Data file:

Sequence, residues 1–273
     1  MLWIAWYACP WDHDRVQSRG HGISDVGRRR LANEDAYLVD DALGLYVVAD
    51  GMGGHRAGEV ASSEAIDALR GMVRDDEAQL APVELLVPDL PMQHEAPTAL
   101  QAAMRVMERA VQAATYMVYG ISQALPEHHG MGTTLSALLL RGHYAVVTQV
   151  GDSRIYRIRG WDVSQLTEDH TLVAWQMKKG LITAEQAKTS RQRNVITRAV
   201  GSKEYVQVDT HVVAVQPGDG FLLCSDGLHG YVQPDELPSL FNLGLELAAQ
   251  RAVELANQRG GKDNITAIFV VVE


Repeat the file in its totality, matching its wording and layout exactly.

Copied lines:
Sequence, residues 1–273
     1  MLWIAWYACP WDHDRVQSRG HGISDVGRRR LANEDAYLVD DALGLYVVAD
    51  GMGGHRAGEV ASSEAIDALR GMVRDDEAQL APVELLVPDL PMQHEAPTAL
   101  QAAMRVMERA VQAATYMVYG ISQALPEHHG MGTTLSALLL RGHYAVVTQV
   151  GDSRIYRIRG WDVSQLTEDH TLVAWQMKKG LITAEQAKTS RQRNVITRAV
   201  GSKEYVQVDT HVVAVQPGDG FLLCSDGLHG YVQPDELPSL FNLGLELAAQ
   251  RAVELANQRG GKDNITAIFV VVE